Karl Johans gate is the main street of the city of Oslo, Norway. The street was named in honor of King Charles III John, who was also King of Sweden as Charles XIV John.
Karl Johans gate is a composite of several older streets that used to be separate thoroughfares. The eastern section was part of Christian IV's original city near the ramparts surrounding the city. When the ramparts were removed to make way for Oslo Cathedral, three separate sections eventually became Østre Gade. The wider western section was built during the 1840s as an avenue connecting the newly erected Norwegian Royal Palace with the rest of the city. In 1852, it was named Karl Johans gate in honor of the recently deceased king. When the Norwegian parliament building was completed in 1866 at the junction of the two formerly separate streets, the two streets were joined and the whole length was named Karl Johans gate.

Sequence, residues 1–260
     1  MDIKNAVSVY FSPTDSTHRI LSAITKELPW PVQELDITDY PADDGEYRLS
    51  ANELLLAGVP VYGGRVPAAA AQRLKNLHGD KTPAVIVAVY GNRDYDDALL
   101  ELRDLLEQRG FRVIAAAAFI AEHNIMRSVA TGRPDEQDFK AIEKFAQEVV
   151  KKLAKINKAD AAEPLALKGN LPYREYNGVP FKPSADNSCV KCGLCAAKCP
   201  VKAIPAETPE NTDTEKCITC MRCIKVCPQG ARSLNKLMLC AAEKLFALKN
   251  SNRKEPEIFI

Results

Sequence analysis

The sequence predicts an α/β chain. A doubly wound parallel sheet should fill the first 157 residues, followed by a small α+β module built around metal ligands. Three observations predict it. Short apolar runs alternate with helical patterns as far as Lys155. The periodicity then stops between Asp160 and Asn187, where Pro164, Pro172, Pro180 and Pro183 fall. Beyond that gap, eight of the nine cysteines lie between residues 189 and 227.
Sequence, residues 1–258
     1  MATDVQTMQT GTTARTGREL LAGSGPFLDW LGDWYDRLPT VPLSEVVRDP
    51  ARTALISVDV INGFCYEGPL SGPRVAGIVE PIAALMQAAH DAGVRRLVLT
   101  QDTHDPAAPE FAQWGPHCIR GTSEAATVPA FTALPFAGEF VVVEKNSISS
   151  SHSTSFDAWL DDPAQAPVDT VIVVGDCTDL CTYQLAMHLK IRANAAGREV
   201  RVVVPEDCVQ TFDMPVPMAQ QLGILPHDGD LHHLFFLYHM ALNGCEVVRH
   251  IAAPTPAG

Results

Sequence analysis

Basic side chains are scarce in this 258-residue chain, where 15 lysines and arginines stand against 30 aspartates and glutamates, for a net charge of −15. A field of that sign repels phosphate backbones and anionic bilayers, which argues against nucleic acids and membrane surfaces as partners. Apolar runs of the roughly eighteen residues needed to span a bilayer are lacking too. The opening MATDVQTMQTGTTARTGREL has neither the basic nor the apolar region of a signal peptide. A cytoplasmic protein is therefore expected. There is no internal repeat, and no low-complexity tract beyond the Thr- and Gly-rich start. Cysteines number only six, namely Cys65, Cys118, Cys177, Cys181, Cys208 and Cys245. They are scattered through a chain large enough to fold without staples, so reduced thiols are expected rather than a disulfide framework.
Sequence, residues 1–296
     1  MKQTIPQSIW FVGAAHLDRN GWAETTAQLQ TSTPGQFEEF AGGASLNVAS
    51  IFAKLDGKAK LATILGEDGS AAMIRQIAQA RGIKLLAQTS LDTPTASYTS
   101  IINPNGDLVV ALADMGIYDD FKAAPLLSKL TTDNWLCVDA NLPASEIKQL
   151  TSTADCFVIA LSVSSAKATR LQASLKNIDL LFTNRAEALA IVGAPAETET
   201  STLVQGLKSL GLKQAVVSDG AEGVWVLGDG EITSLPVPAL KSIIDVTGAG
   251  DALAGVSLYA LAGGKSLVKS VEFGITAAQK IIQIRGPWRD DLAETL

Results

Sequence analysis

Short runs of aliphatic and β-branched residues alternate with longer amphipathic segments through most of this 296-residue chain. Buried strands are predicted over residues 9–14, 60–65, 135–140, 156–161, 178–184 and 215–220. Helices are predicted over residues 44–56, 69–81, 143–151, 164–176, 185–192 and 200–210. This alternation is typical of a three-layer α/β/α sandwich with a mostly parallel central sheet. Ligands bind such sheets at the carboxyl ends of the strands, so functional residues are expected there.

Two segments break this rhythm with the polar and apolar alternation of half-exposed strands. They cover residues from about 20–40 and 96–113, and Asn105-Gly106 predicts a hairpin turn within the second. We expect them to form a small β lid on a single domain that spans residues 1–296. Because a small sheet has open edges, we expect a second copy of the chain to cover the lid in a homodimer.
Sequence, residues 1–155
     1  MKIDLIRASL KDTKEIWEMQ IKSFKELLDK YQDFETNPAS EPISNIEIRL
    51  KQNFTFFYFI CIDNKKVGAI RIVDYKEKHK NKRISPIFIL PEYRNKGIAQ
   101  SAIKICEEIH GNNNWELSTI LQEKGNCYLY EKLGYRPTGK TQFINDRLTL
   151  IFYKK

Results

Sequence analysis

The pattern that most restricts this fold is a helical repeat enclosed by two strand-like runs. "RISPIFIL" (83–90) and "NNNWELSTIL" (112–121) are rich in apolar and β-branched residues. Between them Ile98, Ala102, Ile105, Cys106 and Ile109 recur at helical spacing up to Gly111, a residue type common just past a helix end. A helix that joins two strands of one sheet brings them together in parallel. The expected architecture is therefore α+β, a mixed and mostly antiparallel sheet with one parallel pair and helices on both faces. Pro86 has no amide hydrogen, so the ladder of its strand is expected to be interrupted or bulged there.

In its current route, it connects Oslo Central Station, the main railroad station in Oslo, and the Royal Palace. The route changes its direction and width slightly halfway between these two points, at Egertorget, a square at the intersection of Karl Johans gate and Øvre Slottsgate. This is the highest point from which only you can see both ends of the street.